Jury rules in favor of Northwest Insurance Services
Northwest Insurance Services was awarded millions of dollars at the conclusion of a two-week trial in Warren County court this month.
In the complaint, originally filed in June 2017 and amended in December, Northwest Insurance Services alleged contractual violations regarding non-solicitation and non-disclosure agreements by former employees who moved en masse to First National Insurance Agency. According to the complaint, officials at their new employer referred to the effort of taking those employees and their clients as Project NW and Project Green Goblin.
The suit named four individuals: Matthew Turk, John Collins IV, Jamie Heynes, and David McDonnell; and the entities First National Insurance Agency LLC, First National Bank, and F.N.B. Corp.
All four of the individual defendants worked for Northwest Insurance before resigning on May 12, 2017, to take positions with First National Insurance.
Of the individuals, only Turk — who was allegedly guaranteed an annual salary of $300,000 — was found to be in breach of his contract.
The jury ruled against Turk and the First National entities, assigning both damages and punitive damages.
Northwest Insurance Services, also known as the Bert Company, is a wholly-owned subsidiary of Northwest Bank.
Turk started at the Bert Company in 2005 and stayed on when Northwest acquired the company in 2013, according to the complaint. He had been senior vice-president of property and casualty at Northwest Insurance. The other individual defendants reported directly to Turk, according to the complaint.
The jury found that Turk had breached his contract resulting in damages in the amount of $164,943 and that he had breached his duty of loyalty resulting in damages of $90,000.
In his contract with Northwest, according to the complaint, Turk was prohibited from “providing or offering to provide services to any Northwest customer with whom they had contact within one year prior to termination.”
Another clause said he would not hire any of Northwest’s employees for at least one year.
“Since May 22, 2017, shortly after the individual defendants departed from Northwest…” approximately 44 clients “moved some or all of their insurance business from NWIS to FNIA,” according to the complaint. “For example, prior to the date he gave notice of his intent to join FNIA, Turk spoke to three clients that moved insurance work to FNIA. Just hours after the termination of his employment with NWIS, Turk initiated a telephone call to… a client that moved its business to FNIA.”
There were other examples listed in the complaint — “Turk continued to solicit NWIS clients until the issuance of the preliminary injunction.”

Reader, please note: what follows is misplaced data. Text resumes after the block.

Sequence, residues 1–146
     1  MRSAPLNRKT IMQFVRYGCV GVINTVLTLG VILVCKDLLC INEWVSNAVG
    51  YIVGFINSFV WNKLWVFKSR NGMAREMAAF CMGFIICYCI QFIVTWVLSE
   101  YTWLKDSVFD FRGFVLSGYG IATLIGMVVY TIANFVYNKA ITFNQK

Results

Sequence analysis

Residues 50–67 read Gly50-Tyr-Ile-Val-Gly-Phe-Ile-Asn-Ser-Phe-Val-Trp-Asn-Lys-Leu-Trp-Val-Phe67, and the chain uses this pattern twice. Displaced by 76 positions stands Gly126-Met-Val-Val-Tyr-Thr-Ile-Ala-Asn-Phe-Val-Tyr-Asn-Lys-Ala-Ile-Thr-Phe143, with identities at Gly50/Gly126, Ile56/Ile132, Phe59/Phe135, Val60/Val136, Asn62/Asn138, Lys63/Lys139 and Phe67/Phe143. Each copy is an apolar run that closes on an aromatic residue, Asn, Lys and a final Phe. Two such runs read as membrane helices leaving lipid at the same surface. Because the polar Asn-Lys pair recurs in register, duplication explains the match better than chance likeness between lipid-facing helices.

Additionally, once a preliminary injunction was filed to prevent the individuals from providing insurance services to those clients, FNIA continued to provide services to them and “has benefited from the commission payments from these clients,” according to the complaint.
Turk and the other individuals, according to the complaint also approached other Northwest employees to encourage them to join FNIA.
In the days after he tendered his resignation but stayed on with Northwest, Turk conveyed an offer to NWIS leadership that “First National would pay 1.75 times the annual revenue value of business for some or all of the NWIS’s business,” according to the complaint.
Turk made that offer after communicating with FNIA President Martin Muchnok, according to the complaint, and that Muchnok had reported those negotiations with F.N.B. Corp and First National Bank leadership.
The jury found that Turk “participated in a civil conspiracy with” all of “the First National defendants… designed to harm Northwest Insurance Services” resulting in the damages of $164,943.
The same group of defendants was found to have “competed unfairly” with Northwest resulting in another $250,000 in damages.
The jury also awarded Northwest punitive damages $2.8 million in the case. Turk will have to pay $300,000. First National Insurance is responsible for $1.5 million. Both First National Bank and F.N.B. Corp owe $500,000.
According to the complaint, FNIA agreed to “pay for a legal defense and to indemnify (Turk) from any judgments in the event NWIS sued the individual defendants.”
“FNB does not agree with the entirety of the jury verdict and we believe that we have strong arguments for an aggressive appeal,” Senior Vice President and Director of Corporate Communications Jennifer Reel said. “As we consider this to be active litigation, we have no further comment at this time.”
Northwest Savings EVP and Chief Marketing Officer Shawn Walker had this to say about the trial’s outcome:
“We applaud the jury’s verdict, reflecting the strength of our case. As shown by our pursuit of this issue, for nearly the past two years, Northwest believes that healthy competition requires a fair playing field, and the court agreed. With this matter resolved, we look forward to continuing to serve our business and personal banking, investment, benefits and insurance customers across Pennsylvania, New York and Ohio.”